Skip to main content

Goofy Antennas That Work. Post #1063.


If you can't view this video, please insert this title URL into your browser search box: https://www.youtube.com/watch?v=HzWfeQVdtzY.

In this video, Stan Gibilisco (W1GV) offers a brief tutorial on two HF antennas which have been with Amateur Radio since the dawn of the technology.  Stan calls these antennas "goofy" because they appear to work when common wisdom says they won't.

The first antenna is the familiar dipole antenna, which consists of two 1/4 wave length horizontal elements fed in the middle with unbalanced coaxial cable.  The theoretical impedance of the horizontal 1/2 wavelength dipole is around 73 ohms (this will vary depending how close the dipole is above ground level). Even though there is a small mismatch between the impedance of the dipole and the 50 ohm coaxial cable feedline (around 1:4 to 1), the antenna will perform well on its designed band of operation.  To get multiband use from this antenna, just connect balanced feedline (450 ohm ladder line, 300 ohm television twin lead, or homemade 600 ohm balanced line) to a 4:1 current balun and run a short length of coaxial cable to an antenna transmatch (i.e. "tuner").

The remaining example of an unconventional antenna that works is the classic "Zepp" antenna once used on Zeppelin airships during the 1920s and 1930s. Unlike the current fed dipole, this multiband HF Amateur Radio antenna is voltage fed and exhibits a high impedance along its 1/2 wave length horizontal distance (anywhere between 500 to 5,000 ohms).  This antenna should be fed with a 1/4 wave length of balanced feed line attached to a balun, which is then connected to an antenna "tuner."  One leg of the balanced feed line is attached to the horizontal element, while the other leg of the balanced feed line is left unattached.

The video does a good job of explaining the general theory and operation of two classic antennas.

For the latest Amateur Radio news and information, please visit these sites:

http://www.HawaiiARRL.info.
https://oahuarrlnews.wordpress.com.
https://bigislandarrlnews.wordpress.com.
http://www.kh6jrm.info (breaking news for radio amateurs).

Other sites of interest:

http://hawaiisciencedigest.com (science and technology news for radio amateurs).
https://hawaiiintelligencedigest.com (trends in geopolitical intelligence, strategic forecasting, terrorism, and cybersecurity).

Be sure to check the blog sidebars for more antenna and propagation articles.

Opinions expressed in this blog are mine unless otherwise stated.

Thanks for joining us today!

Aloha es 73 de Russ (KH6JRM).

Comments

Popular posts from this blog

G5RV Multi Band HF Dipole Antenna. Post #1555.

If you can't see the video, please insert this title URL into your browser search box: https://www.youtube.com/watch?v=aeNHIQ_j4Dk This well-produced and richly illustrated tutorial on the classic G5RV HF Dipole Antenna was presented to the Brandon Amateur Radio Society in Brandon, Florida in 2017 by Bernie Huth (W4BGH).  Bernie does an excellent job of  explaining the pros and cons of this popular HF antenna from the late Louis Varney (G5RV).  Although Varney envisioned his design primarily as a 3/2 wavelength antenna for the 20 meter Amateur Radio band, radio amateurs have used the antenna for multiband use.  The G5RV is an excellent choice for the 20 meter band.  Performance on other HF Amateur Radio bands is good enough to qualify as stand alone HF antenna if you can only erect one HF antenna. For the latest Amateur/Ham Radio news and information, please visit these websites: http://www.HawaiiARRL.info. http://www.arrl.org. http://www.arrl.org/arrl-audio-news (a wee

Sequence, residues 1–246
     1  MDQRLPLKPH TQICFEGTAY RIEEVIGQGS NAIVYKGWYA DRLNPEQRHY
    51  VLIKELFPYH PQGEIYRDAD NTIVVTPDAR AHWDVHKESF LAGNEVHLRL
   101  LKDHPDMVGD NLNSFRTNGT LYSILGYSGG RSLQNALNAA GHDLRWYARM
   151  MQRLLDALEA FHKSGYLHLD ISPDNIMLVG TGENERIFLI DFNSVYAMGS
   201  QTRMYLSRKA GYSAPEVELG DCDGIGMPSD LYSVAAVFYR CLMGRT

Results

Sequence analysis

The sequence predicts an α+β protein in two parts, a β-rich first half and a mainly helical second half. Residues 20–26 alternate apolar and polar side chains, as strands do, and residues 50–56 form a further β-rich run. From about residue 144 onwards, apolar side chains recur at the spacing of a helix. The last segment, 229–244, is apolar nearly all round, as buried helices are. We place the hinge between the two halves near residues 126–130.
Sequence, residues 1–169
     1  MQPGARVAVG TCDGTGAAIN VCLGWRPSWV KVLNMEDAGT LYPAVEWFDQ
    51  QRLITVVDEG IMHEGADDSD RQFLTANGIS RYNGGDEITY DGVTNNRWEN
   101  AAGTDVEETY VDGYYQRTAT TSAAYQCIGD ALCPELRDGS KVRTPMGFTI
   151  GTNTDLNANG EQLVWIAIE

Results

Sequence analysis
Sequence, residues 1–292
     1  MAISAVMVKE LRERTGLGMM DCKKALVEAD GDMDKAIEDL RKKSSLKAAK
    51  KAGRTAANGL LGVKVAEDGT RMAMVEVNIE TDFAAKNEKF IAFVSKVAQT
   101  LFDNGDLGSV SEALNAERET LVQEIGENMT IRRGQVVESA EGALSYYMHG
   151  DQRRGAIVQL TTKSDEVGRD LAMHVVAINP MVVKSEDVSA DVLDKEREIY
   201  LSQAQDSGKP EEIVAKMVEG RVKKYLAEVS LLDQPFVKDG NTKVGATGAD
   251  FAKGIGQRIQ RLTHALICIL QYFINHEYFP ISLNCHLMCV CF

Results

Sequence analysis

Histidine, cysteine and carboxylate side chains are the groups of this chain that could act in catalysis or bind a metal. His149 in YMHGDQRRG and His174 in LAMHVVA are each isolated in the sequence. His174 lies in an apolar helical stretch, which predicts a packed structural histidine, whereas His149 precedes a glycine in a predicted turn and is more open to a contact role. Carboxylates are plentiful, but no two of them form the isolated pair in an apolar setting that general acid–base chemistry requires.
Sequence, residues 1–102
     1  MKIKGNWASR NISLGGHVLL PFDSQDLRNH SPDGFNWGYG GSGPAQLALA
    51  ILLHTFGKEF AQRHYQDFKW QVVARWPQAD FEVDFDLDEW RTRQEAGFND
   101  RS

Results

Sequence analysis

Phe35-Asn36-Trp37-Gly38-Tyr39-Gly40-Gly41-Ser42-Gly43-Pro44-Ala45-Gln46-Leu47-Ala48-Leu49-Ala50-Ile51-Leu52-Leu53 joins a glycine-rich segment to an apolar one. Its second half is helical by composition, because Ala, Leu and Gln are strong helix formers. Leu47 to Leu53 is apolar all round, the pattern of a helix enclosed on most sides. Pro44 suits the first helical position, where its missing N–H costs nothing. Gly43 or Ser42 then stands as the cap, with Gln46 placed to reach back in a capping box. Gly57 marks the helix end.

Amateur Radio Bicycle Mobile Setup. Post #1554.

If you can't see the video, please insert this title URL into your browser search box: https://www.youtube.com/watch?v=2zWb-KnkGdY. Here's a way to use Amatuer/Ham Radio while you work on shedding a few pounds in useful exercise.  Why not equip your bicycle for 2 meter/70 cm mobile operation? In this short, well-made video, "taverned" shows us how he used a mag mount antenna, a simple C clamp, and a basic ground system to convert his mountain bike into a mobile station.  The project is straight forward, simple, and gives you emergency communications while you peddle down the road. For the latest Amateur/Ham Radio news and information, please visit these websites: http://www.HawaiiARRL.info. http://www.arrl.org. http://www.arrl.org/arrl-audio-news (a weekly podcast which is updated each Friday afternoon). https://hamradiohawaii.wordpress.com. https://bigislandarrlnews.com. https://amateurradionewsinformation.com (Amateur Radio News & Information).

An 80-Meter Vertical Helix

Like many amateur radio operators, I live on a small lot surrounded by neighbors, utility lines, and civic-minded citizens concerned about the "attractiveness" of my community.  Whether by design or outright fear, I've adopted the "stealth" approach to ham radio antennas.  It's the old "out of sight, out of mind" idea applied to amateur radio antennas. The amateur radio press is full of articles describing the struggle of amateur radio operators to pursue their hobby under the burdensome regulations of CC & Rs, HOAs, and other civic minded citizens who object to antenna farms.  So far, my modest verticals, loops, and inverted vees have blended well with the vegetation and trees bordering my small backyard.  Vertical antennas have always been a problem because of the limited space for a radial system.  There are times, however, where a shortened vertical for the lower HF bands (such as 80/75 meters) is necessary where horizontal space is lack